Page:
Jay A. Zweig

The U.S. Supreme Court has announced that it will expedite its consideration of the Biden Administration’s COVID-19 vaccine mandates.  Legal briefing is already under way and the Court will hear oral argument on January 7, 2022 on the Occupational Safety and Health Administration (OSHA) Emergency Temporary Standard (ETS) mandating COVID-19 vaccination or testing. … Continue Reading

In a statement that portends additional scrutiny of the “working conditions” of college and university athletes, National Labor Relations Board (NLRB) General Counsel Jennifer Abruzzo has publicly stated her view that scholarship athletes at academic institutions are employees who have the right to organize and to be protected from discrimination and retaliation when they act concertedly to improve their working conditions.… Continue Reading

On September 20, 2021, the Biden Administration announced a multi-agency initiative to protect employees from excessive workplace heat exposure.  The Administration acknowledged its public health concern arising from heat waves experienced this summer and what it has identified as a systemic threat to workers from exposure to high temperatures – indoors and outdoors – while doing their jobs.… Continue Reading

On August 13, 2021, the U.S. Department of Labor’s Occupational Safety and Health Administration (“OSHA”) issued detailed updated guidance on appropriate measures for protecting employees in workplaces staffed with both vaccinated and unvaccinated workers.  Importantly, OSHA is now recommending that employers in geographical areas of substantial or high community transmission with mixed-vaccination status employees should require all employees, including fully vaccinated workers, to wear masks “whenever possible,” which OSHA did not define.… Continue Reading

In a closely-watched case that may be a preview of other court decisions involving COVID-vaccination mandates for students returning to school and employees returning to the workplace, a federal district court has denied a request to enjoin Indiana University’s COVID-19 vaccine policy for students. The policy includes a requirement that students provide documentation proving that they have been vaccinated – a so-called “vaccine passport.”… Continue Reading

On June 21, 2021, the U.S. Department of Labor (DOL) announced that it will propose new regulations limiting the amount of time that tipped employees, like food servers or bartenders, can perform on non-tipped work before they would be owed a full minimum wage from their employer.  The public will have until August 23, 2021 to comment on the DOL’s proposed regulations. … Continue Reading

The Colorado Supreme Court issued its long-awaited decision in Nieto v. Clark’s Market, Inc., ruling that employers must pay employees for any earned but unused vacation upon termination of employment. This decision means that Colorado employers must pay employees for earned but unused vacation pay at the end of their employment. … Continue Reading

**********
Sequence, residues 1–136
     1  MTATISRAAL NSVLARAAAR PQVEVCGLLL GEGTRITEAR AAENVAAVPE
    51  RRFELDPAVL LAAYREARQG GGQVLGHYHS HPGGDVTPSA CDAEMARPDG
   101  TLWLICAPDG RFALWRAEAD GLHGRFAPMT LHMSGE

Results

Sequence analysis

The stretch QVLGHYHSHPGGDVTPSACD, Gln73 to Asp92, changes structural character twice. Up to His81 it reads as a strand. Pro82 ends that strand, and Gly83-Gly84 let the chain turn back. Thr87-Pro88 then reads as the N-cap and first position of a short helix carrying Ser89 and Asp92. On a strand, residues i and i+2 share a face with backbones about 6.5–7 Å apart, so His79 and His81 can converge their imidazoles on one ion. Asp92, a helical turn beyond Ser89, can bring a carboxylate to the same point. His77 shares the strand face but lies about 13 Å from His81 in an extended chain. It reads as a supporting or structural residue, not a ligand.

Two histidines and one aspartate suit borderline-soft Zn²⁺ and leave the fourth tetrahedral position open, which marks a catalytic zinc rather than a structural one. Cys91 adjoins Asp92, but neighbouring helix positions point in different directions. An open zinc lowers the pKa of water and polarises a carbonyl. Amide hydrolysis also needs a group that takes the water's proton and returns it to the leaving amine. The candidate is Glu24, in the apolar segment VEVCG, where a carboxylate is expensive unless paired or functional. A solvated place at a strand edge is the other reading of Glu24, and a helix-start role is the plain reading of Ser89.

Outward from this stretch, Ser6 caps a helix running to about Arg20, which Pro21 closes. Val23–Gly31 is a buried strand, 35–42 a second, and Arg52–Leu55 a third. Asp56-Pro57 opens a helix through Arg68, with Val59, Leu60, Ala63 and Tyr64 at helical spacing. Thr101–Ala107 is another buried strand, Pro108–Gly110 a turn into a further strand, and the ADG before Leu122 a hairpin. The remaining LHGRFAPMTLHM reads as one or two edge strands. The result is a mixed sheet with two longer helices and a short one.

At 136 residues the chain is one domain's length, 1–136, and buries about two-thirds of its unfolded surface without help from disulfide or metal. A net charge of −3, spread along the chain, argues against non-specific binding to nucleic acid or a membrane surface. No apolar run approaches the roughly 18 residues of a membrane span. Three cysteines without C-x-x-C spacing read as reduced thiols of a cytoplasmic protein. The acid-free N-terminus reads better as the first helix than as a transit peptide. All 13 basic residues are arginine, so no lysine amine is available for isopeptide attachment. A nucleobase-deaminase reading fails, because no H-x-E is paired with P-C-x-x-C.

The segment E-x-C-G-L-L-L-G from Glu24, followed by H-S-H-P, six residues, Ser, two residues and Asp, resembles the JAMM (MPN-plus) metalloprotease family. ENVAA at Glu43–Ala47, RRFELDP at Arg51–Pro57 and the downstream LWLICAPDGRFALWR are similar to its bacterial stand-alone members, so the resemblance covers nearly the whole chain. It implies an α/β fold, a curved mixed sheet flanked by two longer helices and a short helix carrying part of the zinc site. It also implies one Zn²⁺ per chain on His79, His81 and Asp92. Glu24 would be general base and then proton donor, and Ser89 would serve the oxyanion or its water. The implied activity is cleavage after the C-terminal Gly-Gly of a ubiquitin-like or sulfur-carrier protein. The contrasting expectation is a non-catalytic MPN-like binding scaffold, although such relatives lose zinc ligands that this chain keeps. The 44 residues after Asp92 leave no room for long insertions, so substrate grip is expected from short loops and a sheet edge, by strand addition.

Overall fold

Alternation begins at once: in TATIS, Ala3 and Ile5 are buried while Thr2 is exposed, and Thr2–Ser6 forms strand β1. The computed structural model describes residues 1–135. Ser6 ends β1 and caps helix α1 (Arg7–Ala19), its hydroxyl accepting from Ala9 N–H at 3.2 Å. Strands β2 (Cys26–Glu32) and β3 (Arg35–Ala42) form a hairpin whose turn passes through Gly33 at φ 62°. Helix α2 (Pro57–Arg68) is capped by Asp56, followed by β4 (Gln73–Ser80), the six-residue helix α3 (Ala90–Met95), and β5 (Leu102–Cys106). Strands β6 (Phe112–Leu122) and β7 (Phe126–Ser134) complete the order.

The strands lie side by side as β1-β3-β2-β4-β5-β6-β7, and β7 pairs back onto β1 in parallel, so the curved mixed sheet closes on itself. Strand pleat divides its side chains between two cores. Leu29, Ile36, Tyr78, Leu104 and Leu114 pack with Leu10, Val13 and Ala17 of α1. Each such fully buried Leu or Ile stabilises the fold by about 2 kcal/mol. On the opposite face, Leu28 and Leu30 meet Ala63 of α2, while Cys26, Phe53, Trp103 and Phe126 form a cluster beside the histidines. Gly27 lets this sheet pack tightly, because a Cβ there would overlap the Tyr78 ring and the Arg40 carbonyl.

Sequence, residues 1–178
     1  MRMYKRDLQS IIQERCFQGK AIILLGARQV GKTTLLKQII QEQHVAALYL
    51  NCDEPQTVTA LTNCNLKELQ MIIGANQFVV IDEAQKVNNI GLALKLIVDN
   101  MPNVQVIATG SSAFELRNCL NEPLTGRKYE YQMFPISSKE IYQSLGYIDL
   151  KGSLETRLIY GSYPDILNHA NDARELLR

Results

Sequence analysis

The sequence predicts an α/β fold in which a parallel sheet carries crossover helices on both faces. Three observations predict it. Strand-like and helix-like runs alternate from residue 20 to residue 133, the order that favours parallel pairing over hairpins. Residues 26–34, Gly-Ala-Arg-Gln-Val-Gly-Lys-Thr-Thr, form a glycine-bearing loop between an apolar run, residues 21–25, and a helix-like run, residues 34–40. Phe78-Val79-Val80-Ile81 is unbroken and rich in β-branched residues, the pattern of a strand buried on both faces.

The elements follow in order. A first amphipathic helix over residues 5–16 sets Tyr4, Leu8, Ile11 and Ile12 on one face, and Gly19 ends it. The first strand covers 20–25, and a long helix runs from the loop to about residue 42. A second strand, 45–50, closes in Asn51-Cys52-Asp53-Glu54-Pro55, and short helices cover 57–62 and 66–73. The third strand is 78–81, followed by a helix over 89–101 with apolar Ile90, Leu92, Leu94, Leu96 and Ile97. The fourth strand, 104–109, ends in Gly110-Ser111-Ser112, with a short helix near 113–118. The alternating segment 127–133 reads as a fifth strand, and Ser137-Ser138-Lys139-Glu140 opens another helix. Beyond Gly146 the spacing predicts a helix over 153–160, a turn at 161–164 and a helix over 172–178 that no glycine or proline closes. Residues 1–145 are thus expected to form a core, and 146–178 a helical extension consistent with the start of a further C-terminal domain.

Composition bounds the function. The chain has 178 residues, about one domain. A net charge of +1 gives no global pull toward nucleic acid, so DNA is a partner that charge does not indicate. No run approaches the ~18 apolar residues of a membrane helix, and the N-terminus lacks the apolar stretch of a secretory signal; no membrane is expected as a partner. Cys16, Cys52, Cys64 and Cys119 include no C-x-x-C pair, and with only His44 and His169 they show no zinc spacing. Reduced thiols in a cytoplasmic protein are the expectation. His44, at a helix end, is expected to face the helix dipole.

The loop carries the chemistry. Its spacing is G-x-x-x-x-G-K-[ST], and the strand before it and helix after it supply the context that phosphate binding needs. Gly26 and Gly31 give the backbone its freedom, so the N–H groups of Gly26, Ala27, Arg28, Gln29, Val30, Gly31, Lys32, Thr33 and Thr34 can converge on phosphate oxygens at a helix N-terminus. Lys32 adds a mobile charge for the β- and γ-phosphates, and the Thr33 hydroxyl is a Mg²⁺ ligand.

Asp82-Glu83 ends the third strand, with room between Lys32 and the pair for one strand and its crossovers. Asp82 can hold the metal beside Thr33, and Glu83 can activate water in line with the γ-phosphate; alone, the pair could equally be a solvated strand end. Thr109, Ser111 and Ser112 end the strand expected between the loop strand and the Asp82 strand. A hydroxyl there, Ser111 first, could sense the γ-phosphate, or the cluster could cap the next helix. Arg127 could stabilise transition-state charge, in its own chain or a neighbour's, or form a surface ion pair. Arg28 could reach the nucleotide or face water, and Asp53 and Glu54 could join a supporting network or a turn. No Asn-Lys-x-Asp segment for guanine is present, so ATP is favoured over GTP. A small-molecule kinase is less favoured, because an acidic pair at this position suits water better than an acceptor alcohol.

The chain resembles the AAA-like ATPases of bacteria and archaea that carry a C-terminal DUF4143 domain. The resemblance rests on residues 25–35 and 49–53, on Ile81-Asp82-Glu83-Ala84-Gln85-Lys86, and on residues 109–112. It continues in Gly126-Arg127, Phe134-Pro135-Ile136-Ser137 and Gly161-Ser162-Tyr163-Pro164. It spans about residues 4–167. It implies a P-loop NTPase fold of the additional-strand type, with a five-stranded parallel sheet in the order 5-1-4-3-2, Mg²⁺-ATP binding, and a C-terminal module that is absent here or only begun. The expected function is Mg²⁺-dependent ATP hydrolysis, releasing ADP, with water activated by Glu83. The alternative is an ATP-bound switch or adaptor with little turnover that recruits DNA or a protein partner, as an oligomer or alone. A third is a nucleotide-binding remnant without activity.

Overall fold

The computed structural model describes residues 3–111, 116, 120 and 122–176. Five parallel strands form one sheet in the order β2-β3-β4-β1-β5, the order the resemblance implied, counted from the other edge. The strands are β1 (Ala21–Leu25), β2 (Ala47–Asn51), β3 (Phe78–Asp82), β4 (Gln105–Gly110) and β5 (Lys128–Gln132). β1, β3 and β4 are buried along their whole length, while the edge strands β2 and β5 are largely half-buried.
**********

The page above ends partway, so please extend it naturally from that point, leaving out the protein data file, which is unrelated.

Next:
A federal judge in Colorado has upheld the enforceability of Colorado’s pay transparency law, despite vigorous challenges from the business community. As previously reported here, in November 2020, Colorado passed sweeping new regulations regarding equal pay transparency under the state’s Equal Pay for Equal Work Act. Under that law, employers in Colorado have to issue compensation ranges in all job postings, including internal promotions.… Continue Reading

Just in time for Memorial Day weekend, New Jersey Governor Phil Murphy has signed Executive Order 242, removing many of the state’s remaining COVID-19 restrictions. This Executive Order recognizes the marked progress New Jersey has made in combatting the COVID-19 pandemic, both in the declining number of COVID-19 cases and the percentage of State residents who are fully or partially vaccinated.  … Continue Reading

The latest episode of Ballard Spahr’s Business Better podcast features a conversation on the legalization of marijuana in certain states and its impact on the workplace. Ballard Spahr Labor and Employment attorneys Jay Zweig, Emily Daher, and Joseph Wiltse review what they’re seeing in their specific states and discuss other topics, including: what employers can and can’t do in regulating marijuana use by their employees, guidelines for implementing drug testing policies, how to deal with so-called “safety sensitive” positions, and the interplay of state and federal law.… Continue Reading